7 July 2022 · Behind the Cookbook
The Quality Chop House celebrated its 150th anniversary in 2019 and published its eponymously titled cookbook the same year. There has been a restaurant at the same site on London’s Farringdon Road since the late 1800s, but it was in 2012 that William Lander, son of wine writer Jancis Robinson and restaurant critic Nick Lander, launched the latest incarnation together with head chef Shaun Searley. Lander was joined as co-owner by Daniel Morgenthau in 2017, while Searley continues to head the kitchen to this day.
Located in Farringdon, an area of London known for several other acclaimed restaurants including St. John, The Eagle and Moro, and handily just up the road from Smithfield meat market, The Quality Chop House has played a prominent role in the recent success of Modern British cooking.
To mark the release of The Quality Chop House on ckbk, we spoke to co-owner William Lander about the restaurant’s history and that of other London chop houses, and how the venue fits with the legacy of the area’s other groundbreaking eateries.
In her preface to the cookbook, critic Marina O'Loughlin says that despite the “chequered career” of the venue (from “Progressive Working Class Caterer” - to celebrity hangout to meatball restaurant) she was always confident that this extraordinary space would one day find the right team to run it. In Lander and Morgenthau she believes it has.
In one way, London’s chop houses were the original gastropubs, albeit more rough and ready. Serving individual portions of meat – chops – to the masses, although normally just for men. Lander says “they were fairly utilitarian places where quantity maybe over-road quality at times, and certainly value was always number one or number two priority. And to that extent, I don’t think our spot was different, just architecturally where it was slightly different.”
Designed by architect Sir Roland Plumbe, The Quality Chop House is a remarkable location with its utilitarian style featuring architectural flourishes – from the ceiling to the intricately patterned banquettes. The book is packed with atmospheric photography celebrating the unique space, providing a brief history of the restaurant, an insightful ‘day in the life’ and plenty of recipes.
As Lander points out, all restaurants claim that sourcing is key: “often there can be a blasé statement that you’re all about the ingredients. I don’t think there’s a restaurant that doesn’t say that.” But this commitment to top-notch ingredients runs deep at The Quality Chop house, and their provision shop and butchers next door is testament to that.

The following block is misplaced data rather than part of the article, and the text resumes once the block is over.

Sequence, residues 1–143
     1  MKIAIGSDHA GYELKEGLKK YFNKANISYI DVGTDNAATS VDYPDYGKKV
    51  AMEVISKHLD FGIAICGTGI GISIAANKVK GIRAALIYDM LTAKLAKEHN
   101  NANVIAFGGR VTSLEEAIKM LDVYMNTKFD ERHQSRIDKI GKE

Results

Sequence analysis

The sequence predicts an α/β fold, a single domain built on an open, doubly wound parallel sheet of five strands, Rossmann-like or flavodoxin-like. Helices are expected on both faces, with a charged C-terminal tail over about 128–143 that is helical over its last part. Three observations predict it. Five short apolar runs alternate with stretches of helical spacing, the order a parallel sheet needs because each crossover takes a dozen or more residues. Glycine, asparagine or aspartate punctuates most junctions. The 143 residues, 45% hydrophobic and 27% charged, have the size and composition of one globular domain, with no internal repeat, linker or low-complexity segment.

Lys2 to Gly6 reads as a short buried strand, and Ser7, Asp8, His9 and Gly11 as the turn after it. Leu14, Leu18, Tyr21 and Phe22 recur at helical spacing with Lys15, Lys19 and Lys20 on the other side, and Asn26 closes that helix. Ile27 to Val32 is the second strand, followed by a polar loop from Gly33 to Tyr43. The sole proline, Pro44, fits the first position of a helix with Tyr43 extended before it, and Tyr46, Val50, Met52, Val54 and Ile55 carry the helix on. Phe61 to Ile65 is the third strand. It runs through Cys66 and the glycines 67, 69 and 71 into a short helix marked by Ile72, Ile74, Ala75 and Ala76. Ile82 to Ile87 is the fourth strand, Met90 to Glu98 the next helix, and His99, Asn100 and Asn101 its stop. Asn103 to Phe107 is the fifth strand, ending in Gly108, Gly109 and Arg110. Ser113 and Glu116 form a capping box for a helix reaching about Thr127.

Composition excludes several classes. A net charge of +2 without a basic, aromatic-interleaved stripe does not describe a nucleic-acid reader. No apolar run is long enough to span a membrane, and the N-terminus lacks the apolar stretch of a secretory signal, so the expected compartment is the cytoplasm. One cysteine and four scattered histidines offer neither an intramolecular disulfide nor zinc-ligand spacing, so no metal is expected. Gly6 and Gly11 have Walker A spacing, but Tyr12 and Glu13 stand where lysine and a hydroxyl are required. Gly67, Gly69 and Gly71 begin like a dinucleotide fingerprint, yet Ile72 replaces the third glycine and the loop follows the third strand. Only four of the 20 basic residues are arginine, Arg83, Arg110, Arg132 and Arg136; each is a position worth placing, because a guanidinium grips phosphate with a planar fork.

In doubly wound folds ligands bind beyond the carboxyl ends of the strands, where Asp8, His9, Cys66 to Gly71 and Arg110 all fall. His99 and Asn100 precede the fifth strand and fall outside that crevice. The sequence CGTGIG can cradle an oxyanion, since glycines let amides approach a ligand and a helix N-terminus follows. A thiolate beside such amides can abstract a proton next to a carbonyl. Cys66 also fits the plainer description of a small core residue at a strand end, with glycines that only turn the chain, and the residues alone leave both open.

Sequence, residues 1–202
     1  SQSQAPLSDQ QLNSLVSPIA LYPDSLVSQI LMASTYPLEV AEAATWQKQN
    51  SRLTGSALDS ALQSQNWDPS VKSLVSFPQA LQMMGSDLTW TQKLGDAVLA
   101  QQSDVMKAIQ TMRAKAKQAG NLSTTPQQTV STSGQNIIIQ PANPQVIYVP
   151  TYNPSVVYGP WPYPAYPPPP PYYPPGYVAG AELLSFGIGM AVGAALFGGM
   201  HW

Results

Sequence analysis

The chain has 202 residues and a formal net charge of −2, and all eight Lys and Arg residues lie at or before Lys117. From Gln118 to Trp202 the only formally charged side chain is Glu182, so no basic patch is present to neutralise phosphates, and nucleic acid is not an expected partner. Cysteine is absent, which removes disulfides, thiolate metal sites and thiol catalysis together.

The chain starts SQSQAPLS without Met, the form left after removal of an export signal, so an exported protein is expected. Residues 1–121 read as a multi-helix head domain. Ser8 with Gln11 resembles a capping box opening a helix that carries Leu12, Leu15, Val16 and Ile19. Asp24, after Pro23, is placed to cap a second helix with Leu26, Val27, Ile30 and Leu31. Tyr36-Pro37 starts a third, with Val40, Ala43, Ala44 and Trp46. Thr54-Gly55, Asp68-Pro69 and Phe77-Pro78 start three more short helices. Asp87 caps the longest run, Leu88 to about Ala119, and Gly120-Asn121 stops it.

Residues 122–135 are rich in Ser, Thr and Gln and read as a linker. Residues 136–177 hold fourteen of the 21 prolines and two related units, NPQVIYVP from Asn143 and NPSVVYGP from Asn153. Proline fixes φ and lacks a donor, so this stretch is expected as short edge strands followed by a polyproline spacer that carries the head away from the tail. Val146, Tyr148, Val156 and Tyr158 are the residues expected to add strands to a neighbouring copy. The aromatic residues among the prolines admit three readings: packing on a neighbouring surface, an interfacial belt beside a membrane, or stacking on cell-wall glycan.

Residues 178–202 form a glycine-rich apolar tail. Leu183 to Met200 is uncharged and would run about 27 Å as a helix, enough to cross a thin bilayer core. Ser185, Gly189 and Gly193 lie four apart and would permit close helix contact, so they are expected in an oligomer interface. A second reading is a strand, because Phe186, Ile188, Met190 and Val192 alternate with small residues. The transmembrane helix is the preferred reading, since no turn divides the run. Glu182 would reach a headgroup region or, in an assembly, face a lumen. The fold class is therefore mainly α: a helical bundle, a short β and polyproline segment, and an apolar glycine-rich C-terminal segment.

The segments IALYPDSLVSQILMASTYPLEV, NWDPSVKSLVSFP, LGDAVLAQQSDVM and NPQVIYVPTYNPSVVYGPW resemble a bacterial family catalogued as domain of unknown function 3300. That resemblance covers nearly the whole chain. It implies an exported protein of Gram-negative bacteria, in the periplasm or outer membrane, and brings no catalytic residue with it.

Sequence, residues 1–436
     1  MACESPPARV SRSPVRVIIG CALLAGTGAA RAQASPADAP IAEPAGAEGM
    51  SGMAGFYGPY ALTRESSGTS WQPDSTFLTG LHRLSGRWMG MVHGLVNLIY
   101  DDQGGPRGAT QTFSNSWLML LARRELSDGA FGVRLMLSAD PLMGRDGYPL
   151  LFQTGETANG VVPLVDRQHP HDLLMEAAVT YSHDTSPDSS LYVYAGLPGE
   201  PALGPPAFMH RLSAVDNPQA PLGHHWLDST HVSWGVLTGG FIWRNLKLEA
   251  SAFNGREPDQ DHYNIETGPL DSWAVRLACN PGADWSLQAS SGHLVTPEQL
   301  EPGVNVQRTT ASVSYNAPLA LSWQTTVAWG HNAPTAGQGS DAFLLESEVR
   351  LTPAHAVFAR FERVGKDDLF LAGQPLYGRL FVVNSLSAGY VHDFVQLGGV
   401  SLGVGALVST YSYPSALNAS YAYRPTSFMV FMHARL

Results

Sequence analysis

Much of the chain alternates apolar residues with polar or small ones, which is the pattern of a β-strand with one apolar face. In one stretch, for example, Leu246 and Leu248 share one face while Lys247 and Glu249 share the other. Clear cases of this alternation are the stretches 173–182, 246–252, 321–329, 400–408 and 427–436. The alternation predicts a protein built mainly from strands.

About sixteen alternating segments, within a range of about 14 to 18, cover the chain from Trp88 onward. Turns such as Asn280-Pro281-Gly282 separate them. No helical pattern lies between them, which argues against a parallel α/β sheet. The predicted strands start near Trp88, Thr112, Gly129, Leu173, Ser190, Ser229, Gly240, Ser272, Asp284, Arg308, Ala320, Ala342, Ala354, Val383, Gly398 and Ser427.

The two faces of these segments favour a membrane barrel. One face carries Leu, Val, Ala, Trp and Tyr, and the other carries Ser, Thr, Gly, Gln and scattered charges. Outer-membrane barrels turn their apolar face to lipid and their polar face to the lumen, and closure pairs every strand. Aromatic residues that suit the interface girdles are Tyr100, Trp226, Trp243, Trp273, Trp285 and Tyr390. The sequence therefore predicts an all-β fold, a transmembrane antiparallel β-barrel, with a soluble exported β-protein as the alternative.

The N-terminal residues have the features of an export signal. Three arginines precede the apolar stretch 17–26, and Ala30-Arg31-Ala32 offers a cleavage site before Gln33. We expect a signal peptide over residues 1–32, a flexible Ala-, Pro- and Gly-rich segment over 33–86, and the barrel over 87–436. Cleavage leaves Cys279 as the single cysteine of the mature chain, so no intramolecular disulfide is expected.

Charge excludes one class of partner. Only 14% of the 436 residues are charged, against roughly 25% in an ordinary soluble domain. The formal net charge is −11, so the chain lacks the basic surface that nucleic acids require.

Lander describes the shop and the whole carcass butchers next door as “codifying our commitment to that principle” and in the most delicious way. The book features profiles of their favorite suppliers, and recipes for provisions sold, such as Picked Beetroot Ketchup, Raspberry Jam or the Cotswold Gold Chicken and Leek Pie, made with celebrated Fosse Meadows chicken.
So many of the recipes showcase the wealth of fine UK ingredients – from Stichelton (a beautiful raw milk blue cheese from Nottinghamshire) in the Stichelton Custard Tart, to the rich-yolk eggs of Burford Browns and Cacklebeans in the Cured Egg Yolk recipe, to Whipped Cod’s Roe.
Lander describes how for working, lower-middle class eaters, chop houses were “a way of getting fuel in a much smaller landscape of ingredients that focussed on meat. Every chop house or eatery at that time would have been meat-led.” To that end, meat is still at the heart of the restaurant – as seen in prime cut recipes for Pork Chop or Ribeye for Two, or in Seared Onglet Steak (a less common cut, also known as hanger).
Lander calls them a “labour of love” and they are one of the signature dishes of The Quality Chop House: the legendary Confit Potatoes. For the home cook they are certainly a weekend project – three hours cooking in duck fat and then a deep-fry the next day – but worth the effort. Confit potatoes have never come off the menu since head chef Shaun Searley created them in 2013.
The book also describes the regular staff meals. Every day at 4pm the team all eat together: “It’s a family meal in the sense of community and togetherness all around one table, but it’s also familial in its content – bold, big flavors with lots of carbs and not much intricacy, the kind of thing you’d like to be able to put on the dining-room table when you’ve got lots of family around.” Comfort Fish and Chips or hearty Beef Stew and Dumplings hit the spot.
The Quality Chop House is very much following in the footsteps of other pioneering restaurants in a part of London that was pivotal to developing the concept of Modern British cooking. Lander says, “The Eagle and St. John were such trailblazers.” He describes himself as in the shadow both of Fergus Henderson’s focus on the product at St. John, and of The Eagle “in terms of the idea that you can have this space which isn’t formalized with a waiter and a tablecloth, all these things, and the food can still be very good.”
Lander adds “we are very much their much younger brother, or even son, rather than contemporaries or in a movement with them. They blaze a trail that we are very much following.” What makes the food in this cookbook special and within this recent tradition of Modern British food is the variety of levels of sophistication. Lander cites the Sausage Roll and Pork Pie, for example, as “not things that frankly you could do in half an hour or even an hour.” Recipes that are “on the face of it quite simple, but would hopefully be the best version that you’ve ever tried once you’ve completed that complex recipe.”
As Marina O'Loughlin says of The Quality Chop House: “Whatever the future brings, I’m happy to predict it’s where I’ll always want to be.”